There, a priority system will draw what is needed, delay that which is not. I enjoy doing ths kind of programming.
A full double buffer is a luxury :D. Cool stuff! Perhaps one could have even written some routines to kinda abstract that? HelloNurse on Aug 27, An "engine" could take care of synchronizing rendering with reading, but the difficult part is application specific: ensuring that rendering fits in the specified number of CPU cycles. For many cases, one ends up writing a little kernel that manages the display.
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Break the display into whatever elements make sense, and insure timing is all sorted. Run tests to get maximums. Once it is running, the rest feeds it with pointers to objects, and lists or the objects get generated dynamically at display time. Various schemes apply to overtime requirements. In old Williams arcade games, one method was to just move baddies to a non displayed region.
Aggresive players would fire off a ton of shots to trigger this.
Another is to delay animation or movement. The kernel can do that, but it gets more complex and slow. Dumber kernels are faster. Higher level code can manage what the kernel has to do. One thing is smart to do though, and that is to have the display kernel fail gracefully. Use hardware timers, or loop counters to prevent overdraw and the loss of display sync normally associated with that condition. That was a great video.
Enjoyable talk. At one point, they were drawing tiles, the walls associated with them, objects, etc Moving objects would end up between tiles and the sprite would be cut off by a different tile draw. Worse, there was no sort order that worked for all cases. They ended up creating, what the speaker called "an ai" to move the object away from the draw conflict, get it all drawn, then move the player back, just ahead of the actual motion In hindsight, they could have just decoupled the walls from the tiles and it all could have been a lot simpler!
The bit era meant that machines had a bit more memory to play with so double-buffering became a common technique on platforms like the Amiga. True, and on the Amiga it was especially nice since the location of the frame buffer was under software control, so no need to copy a full screen's worth of pixels anywhere.
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To swap, just tell write the new frame buffer base address to the appropriate custom chip registers, and you're done. Since the swap should be synchronized to the beam, the actual write typically happened in a copper list anyway, so that's what you really write to in order to do the swap. It all brings me back to being a teenager and discovering these things. If this article tickles your fancy, you should read the whole book. Bob did a great job on it!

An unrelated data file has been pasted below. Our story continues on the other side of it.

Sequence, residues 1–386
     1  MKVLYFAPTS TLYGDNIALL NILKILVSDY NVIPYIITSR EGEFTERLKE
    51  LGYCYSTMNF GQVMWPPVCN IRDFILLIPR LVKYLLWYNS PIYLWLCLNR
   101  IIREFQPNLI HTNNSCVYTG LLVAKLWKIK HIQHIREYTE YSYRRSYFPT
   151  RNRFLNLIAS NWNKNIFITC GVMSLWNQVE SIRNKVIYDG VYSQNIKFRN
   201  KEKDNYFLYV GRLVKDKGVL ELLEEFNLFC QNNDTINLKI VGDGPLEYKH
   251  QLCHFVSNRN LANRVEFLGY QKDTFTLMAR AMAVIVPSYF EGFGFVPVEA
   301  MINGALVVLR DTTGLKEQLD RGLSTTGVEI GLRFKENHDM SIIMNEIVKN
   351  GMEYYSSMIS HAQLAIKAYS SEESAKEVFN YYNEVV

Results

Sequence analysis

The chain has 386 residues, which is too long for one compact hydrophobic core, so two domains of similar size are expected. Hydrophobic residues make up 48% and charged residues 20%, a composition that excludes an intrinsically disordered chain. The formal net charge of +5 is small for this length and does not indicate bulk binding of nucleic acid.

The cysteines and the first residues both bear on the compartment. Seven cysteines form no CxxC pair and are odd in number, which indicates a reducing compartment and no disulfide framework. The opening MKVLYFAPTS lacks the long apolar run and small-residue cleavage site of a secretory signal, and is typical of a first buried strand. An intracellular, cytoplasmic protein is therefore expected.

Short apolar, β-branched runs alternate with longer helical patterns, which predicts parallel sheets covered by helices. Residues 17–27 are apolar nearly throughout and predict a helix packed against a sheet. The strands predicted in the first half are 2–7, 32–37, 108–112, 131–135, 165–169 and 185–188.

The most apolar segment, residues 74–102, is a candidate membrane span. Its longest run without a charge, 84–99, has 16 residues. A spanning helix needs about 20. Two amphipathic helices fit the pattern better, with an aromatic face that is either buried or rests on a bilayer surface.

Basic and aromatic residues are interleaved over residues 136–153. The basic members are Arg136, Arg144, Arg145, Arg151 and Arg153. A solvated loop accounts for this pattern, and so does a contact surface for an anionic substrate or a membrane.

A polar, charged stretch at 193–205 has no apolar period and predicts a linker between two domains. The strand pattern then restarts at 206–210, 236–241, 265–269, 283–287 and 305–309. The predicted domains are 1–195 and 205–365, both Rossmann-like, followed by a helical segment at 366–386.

It's all available on the website for free, or you can pay for a nice copy if you'd like to support his efforts. Thank you for the compliment!
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Thank you for the book! The chapter on the prototype pattern was the first time that I fully grokked the Factory pattern. And, your's is the only resource I've found that has thoughtfully constructive thoughts on singletons. Neil44 on Aug 27, On games this can be quite expensive in terms of frames per second and smoothness because of how it interacts with the monitors refresh rate. Now the user sees the same image for two frames then a jump and your frames per second has fallen off a cliff.
AMD has this standard for interacting with the monitor refresh now called FreeSync. The downside is that you tend to have a visible seam or "tear" in the image when the buffer flips. The real problem is that you need to be pushing a framerate at least as high your monitor's refresh rate, and ideally 2x your refresh rate. That's undesirable in a world where you don't have infinite money to spend on hardware. AMD has the advantage of not needing special hardware in the monitor, but it usually comes with the disadvantage of only being able to sync over a narrow range, such as Hz.
Some monitors have as narrow as a hz sync range, and many of them tend to flicker once they get down to the lower end of their sync range. There are currently a total of three FreeSync monitors on the market that don't totally suck. Nimelrian on Aug 27, I don't notice any issues with judder when my framerate goes below the range for 1 or 2 frames. Your info is out of date. LFC only works on models that already have a wide sync range, which is the reason that stuff like Hz panels are a problem in the first place. Finally you'll explore basic 3D modeling with Autodesk 3ds Max, and you'll learn how to enhance your games with sound effects, collisions, and more.
The final chapter of the book shows you how to put all your new knowledge together and build your own full game! All you need to get started are some basic computer skills and a love of games. No previous programming experience required! Stay ahead with the world's most comprehensive technology and business learning platform. With Safari, you learn the way you learn best.